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A Matter of Choice by Midnight Song

Ch.1 - Choice

“You stand here before me and having heard only half the story, look at me with disgust and fear, hatred and anger.” Deep blue eyes looked at the jury reprovingly and she lifted shackled hands as high as the heavy chains would allow. “I did not ask to be released from these, though I did not doubt they would influence your opinion. I have not asked anything of you at all, until now. And even now, all I would ask is that you listen and be as unbiased as you possibly can when hearing my words, my story of how this all started and the inevitable end.”

o.O.o

Everybody has a choice. That is what they would say, when they found out. ‘You didn’t have to do it.’ ‘There were other options.’ ‘You could have asked for help.’ Everybody has a choice, and you didn’t have to do what you did.

But I didn’t. No matter what anyone else says, I never had a choice. And yeah, maybe I did something wrong, maybe what I did was horrible and dark and evil. But I didn’t have any other options; there wasn’t anyone I could ask for help….and so I did it. And the truth is, I don’t regret it, because what I did allowed me to save the one person in this world I truly cared for. And how can that be wrong?

The room I’m in is dark, and cold. The floor is colder though, but at least it and the wall my hands are chained to give me some semblance of place, of being. It is too dark even to see, and so the feeling of the wall and the floor give me peace that at least I am somewhere, rather than nowhere. Somewhere, something is dripping. I can hear that plop….plop…..plop, even in my prison.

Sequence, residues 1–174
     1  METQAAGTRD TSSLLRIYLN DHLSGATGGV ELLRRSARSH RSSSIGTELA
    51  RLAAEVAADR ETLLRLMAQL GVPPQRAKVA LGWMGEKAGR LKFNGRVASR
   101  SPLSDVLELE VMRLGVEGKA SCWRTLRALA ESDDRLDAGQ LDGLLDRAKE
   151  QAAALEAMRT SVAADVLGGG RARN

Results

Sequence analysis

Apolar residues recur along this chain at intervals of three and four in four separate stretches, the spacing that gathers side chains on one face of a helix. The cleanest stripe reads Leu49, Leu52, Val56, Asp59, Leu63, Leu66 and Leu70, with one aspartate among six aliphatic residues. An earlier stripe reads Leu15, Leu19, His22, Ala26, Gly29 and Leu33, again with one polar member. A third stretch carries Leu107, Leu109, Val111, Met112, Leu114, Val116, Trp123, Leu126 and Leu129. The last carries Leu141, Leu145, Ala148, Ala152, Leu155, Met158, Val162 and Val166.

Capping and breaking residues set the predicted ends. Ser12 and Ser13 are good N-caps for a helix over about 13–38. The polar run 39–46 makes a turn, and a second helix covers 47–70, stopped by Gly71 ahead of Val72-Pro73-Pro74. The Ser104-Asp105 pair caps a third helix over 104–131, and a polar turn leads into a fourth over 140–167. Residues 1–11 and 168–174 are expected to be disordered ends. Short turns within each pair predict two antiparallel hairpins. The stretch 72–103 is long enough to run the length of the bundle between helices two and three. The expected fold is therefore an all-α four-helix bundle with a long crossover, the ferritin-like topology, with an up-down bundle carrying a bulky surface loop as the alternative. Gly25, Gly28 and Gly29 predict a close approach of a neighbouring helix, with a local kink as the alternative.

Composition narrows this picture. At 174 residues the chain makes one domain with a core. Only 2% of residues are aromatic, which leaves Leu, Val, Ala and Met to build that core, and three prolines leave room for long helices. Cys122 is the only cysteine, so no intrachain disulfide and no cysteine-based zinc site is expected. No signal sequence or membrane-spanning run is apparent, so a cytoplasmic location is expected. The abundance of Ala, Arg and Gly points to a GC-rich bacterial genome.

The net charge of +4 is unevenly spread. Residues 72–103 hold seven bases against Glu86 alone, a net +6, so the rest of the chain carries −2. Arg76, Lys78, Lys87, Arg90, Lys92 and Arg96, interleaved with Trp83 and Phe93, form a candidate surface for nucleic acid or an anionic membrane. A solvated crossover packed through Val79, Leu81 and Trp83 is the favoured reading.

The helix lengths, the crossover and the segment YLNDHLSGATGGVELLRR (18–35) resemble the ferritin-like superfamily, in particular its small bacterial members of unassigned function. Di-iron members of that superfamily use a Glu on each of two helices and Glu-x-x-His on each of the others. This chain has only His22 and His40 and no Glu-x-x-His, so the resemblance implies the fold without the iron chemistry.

I shift, pulling my knees up to my chest and rest my head on what has become bony and weak. They do not feed me overmuch; more, I think they do not remember that in order to survive long enough to be punished, I must be fed. I am not like them. I am human, and have so many more basic needs for survival. I wonder if it is that they do not remember, or that they chose not to remember. I wonder if this is another form of torture and as my stomach as ceased to growl, I decide that it is.

Very distantly, I can hear something else; something I have not heard in such a long time that it takes me a moment to place it. Perhaps the only advantage to being so bound in the dark is that my hearing has strengthened. It is raining. My skin tingles for the chance to feel it again, aching for the moisture it will bring to the ground and the plants….a moistness I will not feel, for this prison protects me from it, much as it hides me from it.